Not for the last time, it felt like I was caught between the devil and the deep blue sea. Fortunately, Rogers own Wireless Service Agreement provided the mechanism to maneuver between the seemingly irreconcilable positions of wanting to remain in good faith and good standing, and a contractual clause that seem incontrovertibly to be telling me that to do so, I needed to pay Rogers over $14,000.
Look for the Formal Dispute Mechanism Back to Top
Harry was not deterred by the explicit clause in the contract that allocates responsibility to the consumer for total charges on a stolen cell phone.
He found another clause in the contract (this one is NOT reproduced on the monthly invoices that Rogers sends consumers) that indicates that the consumer, by entering the contract with Rogers, only agrees to pay for “undisputed” charges:
Rates and Charges
1. We will bill you monthly. You agree to pay us for undisputed charges appearing on your account by the specified due date and using a method of payment approved by us. Any balance unpaid after the due date will be subject to the late payment charge specified on your Rogers invoice.
Underlining that I had only contractually committed myself to “undisputed” charges, Harry urged me to compel the corporation to disaggregate disputed from undisputed charges and instructed me to pay off the undisputed charges to keep my account in good standing.
The vast majority of the army of Rogers customer service reps (CSR’s) that I contacted over the phone and in person refused to disaggregate the charges in this way, insisting on the contractual term regarding the total charges owing on a stolen cell phone. After hours of phone calls and multiple arguments on my part about what Rogers’ own contract stipulated, Rogers had to finally concede that their contract obliged them to allow me to dispute the charges.
Expect the Corporation to Unilaterally Change the Rules Back to Top
Harry found a provision in Rogers’ contract that allows the corporation to unilaterally change the terms of the contract:
“Unless otherwise specified in this agreement, we may change, at any time, any charges, features or other aspects of the Services or any provision of this agreement, upon advance notice to you. If you do not accept a change, you may terminate this agreement and your Services upon at least 30 days advance written notice to us (unless we specify a different notice period for a particular change). No oral representation of any sales representative, dealer, agent, officer or employee of ours shall vary the terms of this agreement. You understand and agree that this agreement cannot be changed by you.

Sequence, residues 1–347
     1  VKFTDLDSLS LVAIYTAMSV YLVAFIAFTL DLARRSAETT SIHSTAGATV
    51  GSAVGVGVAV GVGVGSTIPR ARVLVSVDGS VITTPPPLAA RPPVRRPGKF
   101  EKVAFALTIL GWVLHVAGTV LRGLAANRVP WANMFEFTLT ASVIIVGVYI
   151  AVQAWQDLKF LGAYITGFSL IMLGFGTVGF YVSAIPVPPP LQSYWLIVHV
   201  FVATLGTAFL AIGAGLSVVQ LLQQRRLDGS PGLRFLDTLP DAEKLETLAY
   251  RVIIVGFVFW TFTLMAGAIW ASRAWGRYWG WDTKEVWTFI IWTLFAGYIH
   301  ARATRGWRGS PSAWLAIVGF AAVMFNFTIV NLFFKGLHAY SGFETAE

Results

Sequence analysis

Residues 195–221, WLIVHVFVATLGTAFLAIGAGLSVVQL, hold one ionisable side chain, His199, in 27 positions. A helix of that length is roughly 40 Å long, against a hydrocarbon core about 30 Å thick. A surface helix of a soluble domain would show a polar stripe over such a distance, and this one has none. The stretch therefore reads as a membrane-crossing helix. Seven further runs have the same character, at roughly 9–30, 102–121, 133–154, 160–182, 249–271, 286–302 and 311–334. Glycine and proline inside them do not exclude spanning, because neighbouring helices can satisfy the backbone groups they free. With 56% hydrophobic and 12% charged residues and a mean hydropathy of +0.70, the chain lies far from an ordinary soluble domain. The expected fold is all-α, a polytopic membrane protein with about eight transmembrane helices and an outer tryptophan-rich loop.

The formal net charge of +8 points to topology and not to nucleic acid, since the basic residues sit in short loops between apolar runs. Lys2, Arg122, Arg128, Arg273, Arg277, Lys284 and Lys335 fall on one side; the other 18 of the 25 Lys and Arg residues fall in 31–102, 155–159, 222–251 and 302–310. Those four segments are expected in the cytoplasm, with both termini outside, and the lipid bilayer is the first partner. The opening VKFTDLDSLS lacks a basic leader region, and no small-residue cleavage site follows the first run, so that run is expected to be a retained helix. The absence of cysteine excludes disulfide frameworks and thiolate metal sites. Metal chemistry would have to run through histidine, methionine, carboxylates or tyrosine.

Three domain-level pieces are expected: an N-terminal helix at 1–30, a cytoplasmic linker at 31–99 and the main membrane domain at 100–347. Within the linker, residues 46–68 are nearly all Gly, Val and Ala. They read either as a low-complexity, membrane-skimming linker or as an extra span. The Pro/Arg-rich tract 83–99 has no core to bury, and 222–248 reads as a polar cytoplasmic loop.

Rogers claims that they can unilaterally change the contract on-line on a page that is seven clicks away from their home page. The consumer is presumed to be informed of these modifications. If you pay your monthly invoice after Rogers has thus modified the contract, Rogers claims you have provided implicit consent to the new contractual terms.
Watch Rogers’ on-line Wireless Service Agreement at www.rogers.com/terms, last updated in July of 2006, to see whether Rogers’ legal department decides to remove the contractual provision about “undisputed” charges. Perhaps Rogers will seek to close this door.
If you are not satisfied with the new contractual terms, the only option you have as a consumer, at this point, is to cancel your Rogers’ contract. Presumably there should be no penalties for contract cancellation in these circumstances as Rogers has unilaterally altered the terms, providing no other option but contract cancellation for disgruntled contractees.
Document Everything Back to Top
I wrote up a document clearly indicating the charges that were in dispute, and why, and hand-delivered it to Rogers’ Corporate Head Offices at 333 Bloor Street in Toronto four days before my account was due on September 11. The Rogers contract stipulates that bill payment can be made at Rogers video outlets; and so I walked through the doors in the lobby of head offices into the video outlet on the ground floor and attempted to pay off my minimal “undisputed” charges.
The consumer service representatives at the Rogers outlet initially refused to provide me with a written confirmation of what they were finally confirming for me in person: that once I paid off my very minimal “undisputed” charges in full, my account would remain in good standing. Harry, scrupulous about not giving Rogers a single misstep on our part, insisted on written confirmation of this understanding and, through tactful negotiations, compelled them to provide us with this document, for which we had to return the following day.